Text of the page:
How to answer 10 common behavioral interview questions sales recruiters may ask to find a job that suits your personality & work experience
Recruiters are a great way for anyone in the sales industry to search for new jobs and move up in their career. While you may be strategically putting your resume or portfolio together, you cannot dismiss the importance of the interview process. Especially for sales associates, recruiters will understand your place in the industry.
During this process, applicants will encounter behavioral interview questions sales recruiters will likely ask. A large part of getting to know you is through learning your experiences–the ups, the downs, and in-betweens. Have you come up with great ideas at your last job? Explain how it positively affected the company. Did you have a bad experience with a customer? Talk to them about your approach in defusing any conflicts you faced.
Behavioral interview questions sales recruiters ask give an insight to your history as a sales rep, but they’ll also get to know you–personally. Through this information, recruiters will know where you belong in the industry, and it could be in a position you’ve never imagined before. A recruiter’s understanding of your personality combined with their eye and expertise in the sales industry, they’re bound to discover the right place for you.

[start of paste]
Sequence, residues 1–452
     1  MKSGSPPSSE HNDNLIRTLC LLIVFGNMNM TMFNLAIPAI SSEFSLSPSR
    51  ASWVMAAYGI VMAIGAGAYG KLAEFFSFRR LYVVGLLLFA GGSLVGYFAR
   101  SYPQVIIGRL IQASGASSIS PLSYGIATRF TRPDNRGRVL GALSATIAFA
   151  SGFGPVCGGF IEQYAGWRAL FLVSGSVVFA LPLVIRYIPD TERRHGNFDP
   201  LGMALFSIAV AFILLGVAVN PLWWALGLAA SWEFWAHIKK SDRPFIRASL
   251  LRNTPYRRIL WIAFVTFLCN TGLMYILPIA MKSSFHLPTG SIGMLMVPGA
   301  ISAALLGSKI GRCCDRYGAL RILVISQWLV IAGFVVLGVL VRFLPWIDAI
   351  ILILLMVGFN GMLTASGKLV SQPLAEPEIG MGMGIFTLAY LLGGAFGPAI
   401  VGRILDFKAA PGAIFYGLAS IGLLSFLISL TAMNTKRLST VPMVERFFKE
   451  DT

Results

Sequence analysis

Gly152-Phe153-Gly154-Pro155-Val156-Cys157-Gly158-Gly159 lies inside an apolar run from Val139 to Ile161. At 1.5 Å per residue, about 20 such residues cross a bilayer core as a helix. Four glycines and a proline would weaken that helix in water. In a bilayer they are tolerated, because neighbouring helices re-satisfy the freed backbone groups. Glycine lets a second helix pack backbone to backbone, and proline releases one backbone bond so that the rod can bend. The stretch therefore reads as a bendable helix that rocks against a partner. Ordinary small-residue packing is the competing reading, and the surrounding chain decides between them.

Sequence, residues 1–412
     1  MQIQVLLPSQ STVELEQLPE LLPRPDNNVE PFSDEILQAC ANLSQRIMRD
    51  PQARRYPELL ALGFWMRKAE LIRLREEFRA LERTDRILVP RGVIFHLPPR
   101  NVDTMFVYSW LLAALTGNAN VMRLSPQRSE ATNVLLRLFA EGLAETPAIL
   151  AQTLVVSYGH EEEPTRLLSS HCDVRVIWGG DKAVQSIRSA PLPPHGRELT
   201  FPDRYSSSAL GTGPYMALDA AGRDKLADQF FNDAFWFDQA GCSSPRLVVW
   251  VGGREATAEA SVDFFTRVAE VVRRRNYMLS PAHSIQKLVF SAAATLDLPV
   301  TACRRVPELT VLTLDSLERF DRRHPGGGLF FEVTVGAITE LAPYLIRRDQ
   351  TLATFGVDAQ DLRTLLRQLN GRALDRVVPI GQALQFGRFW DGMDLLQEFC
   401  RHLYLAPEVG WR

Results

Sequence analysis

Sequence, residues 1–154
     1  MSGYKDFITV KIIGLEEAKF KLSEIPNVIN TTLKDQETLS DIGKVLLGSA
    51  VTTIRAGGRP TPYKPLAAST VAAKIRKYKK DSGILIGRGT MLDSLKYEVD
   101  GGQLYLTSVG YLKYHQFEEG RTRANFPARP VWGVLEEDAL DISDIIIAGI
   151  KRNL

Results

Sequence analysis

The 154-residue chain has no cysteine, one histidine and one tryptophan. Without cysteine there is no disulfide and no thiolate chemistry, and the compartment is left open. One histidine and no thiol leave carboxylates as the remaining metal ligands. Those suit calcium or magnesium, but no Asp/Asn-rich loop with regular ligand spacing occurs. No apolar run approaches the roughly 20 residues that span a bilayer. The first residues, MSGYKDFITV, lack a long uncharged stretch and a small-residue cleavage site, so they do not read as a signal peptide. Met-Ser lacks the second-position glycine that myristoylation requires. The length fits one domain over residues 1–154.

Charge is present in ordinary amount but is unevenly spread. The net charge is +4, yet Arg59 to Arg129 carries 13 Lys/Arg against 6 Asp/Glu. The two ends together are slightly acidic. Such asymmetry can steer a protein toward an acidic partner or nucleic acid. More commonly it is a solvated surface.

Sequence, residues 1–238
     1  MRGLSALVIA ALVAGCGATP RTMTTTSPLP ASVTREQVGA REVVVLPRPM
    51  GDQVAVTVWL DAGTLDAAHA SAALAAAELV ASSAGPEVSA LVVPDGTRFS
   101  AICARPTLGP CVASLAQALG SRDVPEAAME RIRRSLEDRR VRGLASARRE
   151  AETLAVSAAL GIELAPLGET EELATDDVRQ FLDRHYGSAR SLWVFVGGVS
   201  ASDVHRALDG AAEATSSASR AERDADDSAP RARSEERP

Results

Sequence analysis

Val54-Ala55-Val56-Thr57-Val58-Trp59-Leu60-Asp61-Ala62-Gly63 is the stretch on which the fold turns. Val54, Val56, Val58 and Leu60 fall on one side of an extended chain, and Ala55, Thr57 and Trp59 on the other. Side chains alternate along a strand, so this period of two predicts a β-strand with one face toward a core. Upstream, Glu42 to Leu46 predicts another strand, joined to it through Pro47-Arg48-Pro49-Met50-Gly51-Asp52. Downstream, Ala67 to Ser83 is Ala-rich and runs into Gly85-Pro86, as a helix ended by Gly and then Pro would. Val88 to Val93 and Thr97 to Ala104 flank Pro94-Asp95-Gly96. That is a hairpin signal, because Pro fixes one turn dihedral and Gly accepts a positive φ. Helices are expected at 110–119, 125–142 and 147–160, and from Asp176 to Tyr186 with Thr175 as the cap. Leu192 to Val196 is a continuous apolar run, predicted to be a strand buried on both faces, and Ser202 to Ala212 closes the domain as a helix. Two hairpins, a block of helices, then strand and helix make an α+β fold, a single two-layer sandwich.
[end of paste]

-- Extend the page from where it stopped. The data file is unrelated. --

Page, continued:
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Top 10 behavioral interview questions sales recruiters will ask you
During your meeting with a recruiter, you’re going to have to draw from all of your past work experiences. Brush up on your work history so that you are not surprised when you encounter these behavioral interview questions sales recruiters throw at you. Remember to take a quick moment to reflect before giving an answer.
1. Can you explain to us a goal you set for yourself and what you did to achieve it?
Have you ever set a goal for yourself? Setting a goal for yourself is a positive indication of you as a worker and person. Give a step-by-step explanation of what the goal was and your process to succeeding.